Any investment property or private home within a mansion block will require approval for works by the management company that represents the freeholder. They will want to see the scope of work, any plans, a schedule of when work will begin, and the duration. There will be strict working hours with limitations to access for workers. You may need to pay a deposit for the protection of the common parts of the building.



Residential listed building consent and what it means


Our projects are often in London on luxury residential homes. Some of our projects fall into the listed building category, which means there is a need to apply for building consent, even if the work is internal. Building consent is required if you are considering works and buying or living in one of the following properties:

  1. A Grade I listed building - buildings of exceptional interest.

  2. A Grade II *listed building - particularly important buildings of more than special interest.

  3. A Grade II listed building - buildings that are of special interest, warranting every effort to preserve them.


This is a time-consuming process handled by our team. The application is approximately £200.00 and can take up to 8 weeks for approval.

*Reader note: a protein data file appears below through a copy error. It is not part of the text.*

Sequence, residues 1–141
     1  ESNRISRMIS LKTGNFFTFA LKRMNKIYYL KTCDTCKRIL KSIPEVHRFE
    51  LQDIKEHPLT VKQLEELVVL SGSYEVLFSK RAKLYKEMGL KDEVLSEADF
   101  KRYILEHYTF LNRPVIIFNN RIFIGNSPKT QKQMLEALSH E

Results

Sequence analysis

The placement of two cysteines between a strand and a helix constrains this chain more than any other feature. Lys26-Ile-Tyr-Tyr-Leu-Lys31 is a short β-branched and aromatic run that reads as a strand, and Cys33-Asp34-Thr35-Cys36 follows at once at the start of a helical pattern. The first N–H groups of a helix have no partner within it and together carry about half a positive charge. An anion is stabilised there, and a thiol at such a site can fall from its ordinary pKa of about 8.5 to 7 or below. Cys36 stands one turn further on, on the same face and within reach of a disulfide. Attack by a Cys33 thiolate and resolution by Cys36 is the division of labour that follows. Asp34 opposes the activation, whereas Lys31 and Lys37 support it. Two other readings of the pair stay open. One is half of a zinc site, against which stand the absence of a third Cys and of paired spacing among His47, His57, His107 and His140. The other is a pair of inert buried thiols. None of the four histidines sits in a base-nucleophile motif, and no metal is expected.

Construction Package

A construction package includes technical drawings, the Scope of Works, and the specification of products.


After the design and products have been agreed upon with you. A construction package is put together and sent out to nominated contractors to obtain a price that meets your budget. This is also known as a Tender package.


The Scope of Works is the document or set of instructions for your builder or contractors so they know what they are being asked to do and can price accordingly.




Hiring a builder

Hiring an experienced and trusted builder is imperative to ensure that your project stays in budget and the workmanship is of good quality.


We use trusted and reliable builders - only - who have worked on many of our design projects. When interviewing building contractors the following checklist would be helpful.

  1. Make sure they have excellent references

  2. You have seen examples of their work

  3. You have the correct contract in place either a JCT Minor Works an FMB Plain English, or one that is applicable to your project. We would normally advise our clients the best option for them